Jane Addams Day 2015: Recap

AAUW’s Jane Addams Day 2015 was wondrous. I couldn’t be happier with the event. This year, we decided to have the incredible singer and songwriter Kristin Lems as the star of the show. Kristin Lems has a play with songs (as she would put it) about the life of Jane Addams. She and her mother, Carol Silver, reflected on the role that Jane Addams played in their family’s history and the lives of many other women in Chicago. It was an honor to have them both share their songs and stories with us at the event.

The theme of the event was on hope and stories. Or as some may suggest, the event featured the famous story of the Devil Baby. We started with a wonderful history of Jane Addams, AAUW and its role in helping to found Jane Addams Day on December 10th by Lori Switzer. Than we had Ruth Holst read “Hope” by Emily Dickinson to start off the event. In November, at an event in the very same room, I learned that HUll House events would begin with a poem. So I felt it was important to continue the tradition.

Then we had the local historian, my husband Scott Priz, give an overview of the Devil Baby, the one of the first fairy tale or urban legends of Chicago. There’s a lot of variation about the story. Some stories have it in a Catholic household while others in Jewish household. THe common theme is that the husband swears an oath against religion or children that he would rather have the devil himself. His poor wife then ended up bearing a devil child who was said to speak languages, Latin or Greek, dance and swear. For weeks women all over Chicago came to the Hull House and demanded to see the baby.

Later on, Jane Addams would write extensively about the Devil Baby, trying to understand how the tale became so popular so fast and how it seemed to appeal to so many women. As Jane, I presented one of the essays, “Women’s Memories – Reaction on Life, as Illustrated By The Story of the Devil Baby.” In the essay, Jane Addams considers that the story may be a fairy tale that helps people (women) make sense of hte world and see a glimmer of justice. She talked about how the story caused many women to open up themselves to Jane and tell her their often sad stories of wayward sons and husbands. One line from the text speaks to me:

“The story of the Devil Baby may have incited these women to put their experiences more vividly than they had hitherto been able to do. It may have been because they were unconsciously spurred by the hope that a supernatural retribution might intervene even for them, or because they were merely comforted by the knowledge that it had once done so for someone else that they spoke with more confidence that they had had ever done before.”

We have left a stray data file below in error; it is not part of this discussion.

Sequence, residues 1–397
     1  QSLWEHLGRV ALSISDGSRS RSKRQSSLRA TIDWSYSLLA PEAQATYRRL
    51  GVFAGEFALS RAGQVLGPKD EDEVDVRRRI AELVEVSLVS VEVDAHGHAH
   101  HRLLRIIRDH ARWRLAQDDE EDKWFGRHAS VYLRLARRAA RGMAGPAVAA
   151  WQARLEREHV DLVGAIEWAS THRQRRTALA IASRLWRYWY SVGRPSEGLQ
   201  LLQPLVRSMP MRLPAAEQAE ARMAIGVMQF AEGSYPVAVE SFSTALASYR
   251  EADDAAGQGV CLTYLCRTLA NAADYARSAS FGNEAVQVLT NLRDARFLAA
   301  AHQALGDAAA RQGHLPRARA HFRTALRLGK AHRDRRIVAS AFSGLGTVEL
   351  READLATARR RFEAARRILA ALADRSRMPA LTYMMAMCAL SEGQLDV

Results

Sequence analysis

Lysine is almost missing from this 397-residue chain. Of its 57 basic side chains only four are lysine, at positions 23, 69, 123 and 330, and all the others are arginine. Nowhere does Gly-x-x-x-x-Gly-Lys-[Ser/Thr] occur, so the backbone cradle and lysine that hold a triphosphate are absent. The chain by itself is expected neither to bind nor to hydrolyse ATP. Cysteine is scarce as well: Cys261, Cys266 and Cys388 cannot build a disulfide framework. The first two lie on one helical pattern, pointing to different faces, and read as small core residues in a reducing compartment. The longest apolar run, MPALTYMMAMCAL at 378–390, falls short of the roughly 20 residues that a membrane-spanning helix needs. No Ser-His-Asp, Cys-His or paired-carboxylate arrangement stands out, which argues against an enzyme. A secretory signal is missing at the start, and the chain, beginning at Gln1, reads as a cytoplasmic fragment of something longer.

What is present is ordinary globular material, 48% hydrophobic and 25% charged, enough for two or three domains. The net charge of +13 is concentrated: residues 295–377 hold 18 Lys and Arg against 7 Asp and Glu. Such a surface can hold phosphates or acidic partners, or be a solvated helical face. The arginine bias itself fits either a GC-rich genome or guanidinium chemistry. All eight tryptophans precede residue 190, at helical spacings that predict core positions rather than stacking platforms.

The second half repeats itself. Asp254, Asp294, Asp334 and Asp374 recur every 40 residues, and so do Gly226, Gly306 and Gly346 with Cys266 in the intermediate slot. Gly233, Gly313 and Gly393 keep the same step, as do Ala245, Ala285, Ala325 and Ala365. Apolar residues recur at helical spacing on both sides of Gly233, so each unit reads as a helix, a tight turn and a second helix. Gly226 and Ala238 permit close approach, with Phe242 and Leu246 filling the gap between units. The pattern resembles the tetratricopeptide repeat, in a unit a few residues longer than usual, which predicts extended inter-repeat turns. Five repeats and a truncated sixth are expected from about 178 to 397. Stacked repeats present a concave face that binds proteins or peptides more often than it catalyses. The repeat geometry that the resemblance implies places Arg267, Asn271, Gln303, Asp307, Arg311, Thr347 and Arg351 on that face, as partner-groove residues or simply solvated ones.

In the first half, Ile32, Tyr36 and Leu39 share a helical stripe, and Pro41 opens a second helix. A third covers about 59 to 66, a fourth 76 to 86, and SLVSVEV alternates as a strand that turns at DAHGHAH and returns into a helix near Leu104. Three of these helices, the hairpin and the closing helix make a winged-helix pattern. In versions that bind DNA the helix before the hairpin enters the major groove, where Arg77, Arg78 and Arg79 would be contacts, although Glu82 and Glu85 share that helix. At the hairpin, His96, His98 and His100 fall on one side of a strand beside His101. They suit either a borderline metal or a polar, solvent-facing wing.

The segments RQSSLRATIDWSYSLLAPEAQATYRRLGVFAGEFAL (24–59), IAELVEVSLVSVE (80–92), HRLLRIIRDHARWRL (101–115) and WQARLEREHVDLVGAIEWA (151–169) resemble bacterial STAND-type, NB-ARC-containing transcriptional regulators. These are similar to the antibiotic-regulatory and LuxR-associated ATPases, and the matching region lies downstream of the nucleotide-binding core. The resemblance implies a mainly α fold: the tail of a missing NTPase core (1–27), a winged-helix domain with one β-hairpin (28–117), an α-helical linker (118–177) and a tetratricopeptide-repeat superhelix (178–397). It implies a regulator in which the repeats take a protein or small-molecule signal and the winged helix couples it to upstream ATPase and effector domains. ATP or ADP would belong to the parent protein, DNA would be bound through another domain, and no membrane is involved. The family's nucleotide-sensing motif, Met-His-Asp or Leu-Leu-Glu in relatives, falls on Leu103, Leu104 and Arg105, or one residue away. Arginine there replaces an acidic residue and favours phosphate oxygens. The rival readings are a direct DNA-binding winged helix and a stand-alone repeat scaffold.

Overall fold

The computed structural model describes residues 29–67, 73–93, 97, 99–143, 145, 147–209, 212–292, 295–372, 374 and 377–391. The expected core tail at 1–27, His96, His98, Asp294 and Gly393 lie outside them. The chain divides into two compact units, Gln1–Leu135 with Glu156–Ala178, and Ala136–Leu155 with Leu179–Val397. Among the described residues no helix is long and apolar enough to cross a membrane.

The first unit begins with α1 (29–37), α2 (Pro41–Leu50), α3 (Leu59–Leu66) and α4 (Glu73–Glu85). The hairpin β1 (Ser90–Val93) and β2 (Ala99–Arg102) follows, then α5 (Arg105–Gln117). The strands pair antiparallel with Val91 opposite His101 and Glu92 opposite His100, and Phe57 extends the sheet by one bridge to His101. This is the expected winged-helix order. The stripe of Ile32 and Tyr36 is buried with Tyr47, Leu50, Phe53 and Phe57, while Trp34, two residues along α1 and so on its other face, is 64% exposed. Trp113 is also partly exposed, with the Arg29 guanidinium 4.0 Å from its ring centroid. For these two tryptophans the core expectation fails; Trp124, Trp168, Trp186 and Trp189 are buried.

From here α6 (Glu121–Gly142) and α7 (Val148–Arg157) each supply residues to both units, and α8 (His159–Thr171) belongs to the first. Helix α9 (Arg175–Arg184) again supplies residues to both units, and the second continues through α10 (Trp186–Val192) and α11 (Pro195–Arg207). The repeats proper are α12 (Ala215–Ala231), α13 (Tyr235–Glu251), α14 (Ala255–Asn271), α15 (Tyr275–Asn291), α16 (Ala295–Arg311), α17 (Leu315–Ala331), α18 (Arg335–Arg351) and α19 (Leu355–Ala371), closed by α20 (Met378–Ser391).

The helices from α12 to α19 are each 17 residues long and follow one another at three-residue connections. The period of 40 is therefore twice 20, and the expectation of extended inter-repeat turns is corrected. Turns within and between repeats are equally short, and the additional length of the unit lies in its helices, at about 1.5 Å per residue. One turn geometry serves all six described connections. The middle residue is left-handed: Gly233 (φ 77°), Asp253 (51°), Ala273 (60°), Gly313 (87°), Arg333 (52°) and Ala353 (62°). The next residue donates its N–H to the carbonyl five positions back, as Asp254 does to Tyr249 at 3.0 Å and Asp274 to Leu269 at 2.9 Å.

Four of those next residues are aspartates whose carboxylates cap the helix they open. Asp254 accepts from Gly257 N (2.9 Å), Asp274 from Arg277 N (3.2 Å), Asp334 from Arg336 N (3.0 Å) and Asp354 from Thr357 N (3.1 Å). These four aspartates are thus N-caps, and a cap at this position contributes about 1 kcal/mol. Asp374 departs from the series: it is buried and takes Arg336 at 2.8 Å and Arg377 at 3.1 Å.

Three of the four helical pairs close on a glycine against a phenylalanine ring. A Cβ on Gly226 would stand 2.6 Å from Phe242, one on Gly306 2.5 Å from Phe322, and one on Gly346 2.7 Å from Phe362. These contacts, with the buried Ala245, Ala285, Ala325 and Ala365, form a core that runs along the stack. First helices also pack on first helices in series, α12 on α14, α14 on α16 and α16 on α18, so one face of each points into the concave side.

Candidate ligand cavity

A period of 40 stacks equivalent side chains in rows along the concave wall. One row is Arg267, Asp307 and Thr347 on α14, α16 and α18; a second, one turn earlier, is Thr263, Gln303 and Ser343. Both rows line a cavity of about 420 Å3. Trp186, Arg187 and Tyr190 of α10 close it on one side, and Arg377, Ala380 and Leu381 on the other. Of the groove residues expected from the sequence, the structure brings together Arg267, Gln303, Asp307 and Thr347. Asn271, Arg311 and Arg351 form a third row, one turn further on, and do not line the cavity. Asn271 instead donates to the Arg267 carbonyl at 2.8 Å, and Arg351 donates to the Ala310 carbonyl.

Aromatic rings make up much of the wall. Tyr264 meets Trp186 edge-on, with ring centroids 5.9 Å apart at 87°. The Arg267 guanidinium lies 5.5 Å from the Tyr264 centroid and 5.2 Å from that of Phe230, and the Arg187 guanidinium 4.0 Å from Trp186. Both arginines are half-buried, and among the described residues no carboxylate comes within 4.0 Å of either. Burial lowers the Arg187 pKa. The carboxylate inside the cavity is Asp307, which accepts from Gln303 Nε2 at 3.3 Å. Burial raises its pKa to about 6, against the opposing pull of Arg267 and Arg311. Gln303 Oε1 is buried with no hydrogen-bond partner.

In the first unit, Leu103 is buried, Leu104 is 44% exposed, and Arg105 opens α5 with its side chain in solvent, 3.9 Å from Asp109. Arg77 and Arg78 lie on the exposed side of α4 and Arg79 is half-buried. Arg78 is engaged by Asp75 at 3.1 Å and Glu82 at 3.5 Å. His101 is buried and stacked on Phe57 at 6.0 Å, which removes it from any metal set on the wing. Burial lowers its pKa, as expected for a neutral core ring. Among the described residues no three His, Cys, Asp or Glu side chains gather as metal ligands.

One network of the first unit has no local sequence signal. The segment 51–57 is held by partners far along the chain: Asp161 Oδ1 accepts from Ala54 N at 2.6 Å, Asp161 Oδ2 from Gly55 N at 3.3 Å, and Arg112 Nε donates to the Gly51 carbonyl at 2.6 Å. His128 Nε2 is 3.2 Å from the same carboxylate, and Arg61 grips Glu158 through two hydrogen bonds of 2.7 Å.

The Devil Baby story causes women to open themselves up and share their lives with Jane (and presumably other residents). They speak of hope in often hopeless and dire situations. It’s an amazing consideration of the meaning of it all by Jane Addams.

After my speech, Kristin Lems and her mother shared their songs and experiences. Kristin Lems sang about Jane’s call to action to do somsething proactive instead of continuing on the Grand Tour of Europe by talking about her moment of awakening at a bullfight in Spain. This is what Jane called the “Snare of Preparation.” She also shared a wonderful song about Jane Addams’ reaction to Tolstoy after his rather rude interaction with her.

Her mother, Carol Silver, shared several passages from memoirs of the family who had been positively impacted by JAne Addams. The family lived across the street from Hull House and the place and its inhabitants featured in their lives. Jane and her fellow residents saved the life of Carol’s grandmother! And they have a family photo of Carol Silver when she was 2 months old in a sweater knitted by Jane Addams. It was quite moving to hear these stories about people personally impacted by Jane Addams and the Hull House.

Kristin Lems continued with a wonderful Hull House Rag and a delightful song on the Devil Baby as well. She ended the show with a moving song from her recent CD You, Me and All of the Above called “Oh Little Bird” that reflected on the lives of refugees and immigrants who came to the US for a better life. These are the people that Jane Addams tried to help.

What a wonderful event! Thank you again to everyone who came. Thank you to Kristin Lems and Carol Silver for making it a truly fantastic occasion! Thanks to AAUW for hosting the event.

And thank you to Jan Lisa Huttner for inspiring and recommending that I do this in the very beginning!

 

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